Nobu: The Cookbook (Anglais) Relié – 9 janvier 2013
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Nobu, c'est un voyage aux saveurs japonaises, d'Amérique du Sud, d'Alaska se succèdant dans ses recettes ... Une farandole de goûts, de couleurs, d'épices... Son livre est une initiation au voyage : ses succès culinaires comme le Black Cod, la Matsuhisa sauce... sont originaux et enchanteront les apprentis cuisiniers. Aprés y avoir goûtés, tout le monde souhaiterait le refaire soi-même ! Un beau livre, un trésor.
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Another thing I found somewhat annoying was all of the Hollywood name-dropping the book is peppered with. I don't really care which celebrities have dined in the various Nobu restaurants, nor do I care what their favorite dishes are. The fact that Nobu once made lunch for Princess Di was equally unimportant to me. The thing I really appreciated was learning more about the quality and "kokoro" (heart) that goes into some of the dishes I've enjoyed at Matsuhisa. The book definitely inspired me to go and eat there again soon!
For starters, I must say I rank photographic flash way down on my list of criteria for a good cookbook. I have very little use for cookbooks used to grace a coffee table, since I have no coffee table. So, If impressive looking cookbooks from famous chefs is your cup of tea, then this is an excellent book. Otherwise, it doesn't do a lot for me.
For starters, while the book deals almost exclusively with fish cookery and raw fish dishes, the introductory material on techniques, especially knife techniques is pretty thin. The story on sushi prep is that it takes years to learn everything you need to know about good knife techniques, and we are given but a half a page without even some pictures of the types of knives used in the three techniques described.
I will say that most of the recipes are relatively simple, as long as you have the right skills, but the ingredients for a lot of the dishes are somewhere between difficult and impossible to find. The poster boy for this state of affairs is abalone. Throughout my whole life, I have never seen fresh abalone available on the east coast fishmonger's counter. Now, I suspect this Pacific shellfish is endangered almost to the point of extinction. But, as Bob Kinkaid so eloquently says in his cookbook, high end restaurants can get things which are simply beyond the reach of the average shopper.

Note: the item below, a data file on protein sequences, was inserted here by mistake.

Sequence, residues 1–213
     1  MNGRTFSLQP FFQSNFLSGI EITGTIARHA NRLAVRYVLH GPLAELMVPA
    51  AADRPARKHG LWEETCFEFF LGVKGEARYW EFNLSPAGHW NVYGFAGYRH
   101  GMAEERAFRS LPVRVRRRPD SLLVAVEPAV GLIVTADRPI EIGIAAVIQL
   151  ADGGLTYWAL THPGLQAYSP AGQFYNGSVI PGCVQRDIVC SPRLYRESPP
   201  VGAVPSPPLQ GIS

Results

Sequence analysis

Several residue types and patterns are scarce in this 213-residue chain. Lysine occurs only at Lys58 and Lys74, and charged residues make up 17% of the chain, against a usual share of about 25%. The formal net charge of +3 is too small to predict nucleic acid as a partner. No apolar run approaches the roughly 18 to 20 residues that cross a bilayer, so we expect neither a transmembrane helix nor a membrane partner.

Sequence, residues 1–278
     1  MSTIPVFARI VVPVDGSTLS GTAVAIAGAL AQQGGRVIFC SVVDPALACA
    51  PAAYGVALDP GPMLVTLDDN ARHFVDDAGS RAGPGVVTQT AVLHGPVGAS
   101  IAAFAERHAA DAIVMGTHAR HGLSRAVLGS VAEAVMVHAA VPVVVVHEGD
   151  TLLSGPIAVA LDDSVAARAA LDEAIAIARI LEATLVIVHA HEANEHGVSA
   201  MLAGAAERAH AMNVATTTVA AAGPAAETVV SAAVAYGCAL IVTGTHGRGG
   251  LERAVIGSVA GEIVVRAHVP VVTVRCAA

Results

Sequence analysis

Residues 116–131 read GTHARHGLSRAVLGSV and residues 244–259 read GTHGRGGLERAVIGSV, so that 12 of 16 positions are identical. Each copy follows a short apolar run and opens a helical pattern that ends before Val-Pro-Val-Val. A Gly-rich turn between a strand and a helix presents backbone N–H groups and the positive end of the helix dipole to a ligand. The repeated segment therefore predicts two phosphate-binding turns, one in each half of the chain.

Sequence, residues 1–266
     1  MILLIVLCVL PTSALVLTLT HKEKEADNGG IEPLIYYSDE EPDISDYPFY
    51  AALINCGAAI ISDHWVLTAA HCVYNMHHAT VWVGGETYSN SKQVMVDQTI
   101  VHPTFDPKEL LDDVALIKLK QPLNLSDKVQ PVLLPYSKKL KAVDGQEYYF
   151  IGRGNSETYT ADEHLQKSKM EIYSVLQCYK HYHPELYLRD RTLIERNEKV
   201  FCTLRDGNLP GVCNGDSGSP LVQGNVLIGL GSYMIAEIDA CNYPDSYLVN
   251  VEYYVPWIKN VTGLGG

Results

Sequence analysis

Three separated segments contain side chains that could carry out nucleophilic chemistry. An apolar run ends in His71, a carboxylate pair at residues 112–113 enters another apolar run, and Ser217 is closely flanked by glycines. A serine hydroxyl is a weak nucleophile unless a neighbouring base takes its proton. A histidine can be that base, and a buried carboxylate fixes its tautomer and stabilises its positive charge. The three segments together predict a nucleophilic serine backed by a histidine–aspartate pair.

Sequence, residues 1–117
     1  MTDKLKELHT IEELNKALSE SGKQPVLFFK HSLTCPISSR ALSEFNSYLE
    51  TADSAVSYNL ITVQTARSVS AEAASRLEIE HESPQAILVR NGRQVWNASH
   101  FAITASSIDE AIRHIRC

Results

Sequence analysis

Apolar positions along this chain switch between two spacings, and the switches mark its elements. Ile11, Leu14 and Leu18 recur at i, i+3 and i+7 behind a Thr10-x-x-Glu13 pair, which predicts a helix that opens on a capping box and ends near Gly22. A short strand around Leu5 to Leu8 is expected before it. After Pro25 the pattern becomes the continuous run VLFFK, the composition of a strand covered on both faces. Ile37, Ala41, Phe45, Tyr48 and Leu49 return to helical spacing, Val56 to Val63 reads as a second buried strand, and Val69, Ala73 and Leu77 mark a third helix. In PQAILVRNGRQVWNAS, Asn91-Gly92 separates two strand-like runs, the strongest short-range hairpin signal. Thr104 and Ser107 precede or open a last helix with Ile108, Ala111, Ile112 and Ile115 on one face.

If this were a book on classic Japanese cookery, I would have a higher opinion of it, but it is a song to the virtues of Nobu Matsuhisa. It is a very pretty song, well graced with paeons from business partner Robert DeNiro, best bud, Martha Stewart, and about twenty testimonial blurbs from the culinary greats.
If your thing is good books on and about celebrity chefs, buy this book. But, if your interest is Japanese cooking in general, start with Shizuo Tsuji's 'Japanese Cooking, A Simple Art'.
The food is very good, but you can tell that this is definitely a vanity cookbook. I don't think most home chefs could use this book - it is definitely for the obsessive foodie who would go to any lengths to prepare his recipes. Good for special occasions or for those who have a lot of time and resources for foods.
My passing qualms were misplaced, and I couldn't be more pleased. The writing is lucid, the book readable, the advice welcome and reasonable, the recipes clear, and the range of dishes exciting. Already, I've made 2 superb appetizers, and have a main course marinating in the fridge. Other dishes are to come. My spouse, a non-sushi-eater until a few years ago, has glowed about the dishes sampled thus far, and is anticipating many more soon.
This is not anybody's main cookbook (or even in the main set), but should accessorize any amateur chef's collection when in the mood for fusion food and inspired/inspiring combinations.
It is also filled with a treasure trove of easy to follow recipes. Having cooked my way through most of the book after many years of "guessing" the layers that make up Nobu's cuisine, I feel like I have been given wings.
This book provides a strong foundation in both ingredients and techniques but even more impressively it provides a fantastic tutorial on the principles of combining color, texture, and flavor.
The chapter on Nobu Sauces and Basics is well worth the price of the book. Don't just be seduced by the photography, this is a book that you can cook from!!! If you don't like your cookbooks dog-eared and oil stained, you may have to buy two- one
for daily use, the other for your coffee table.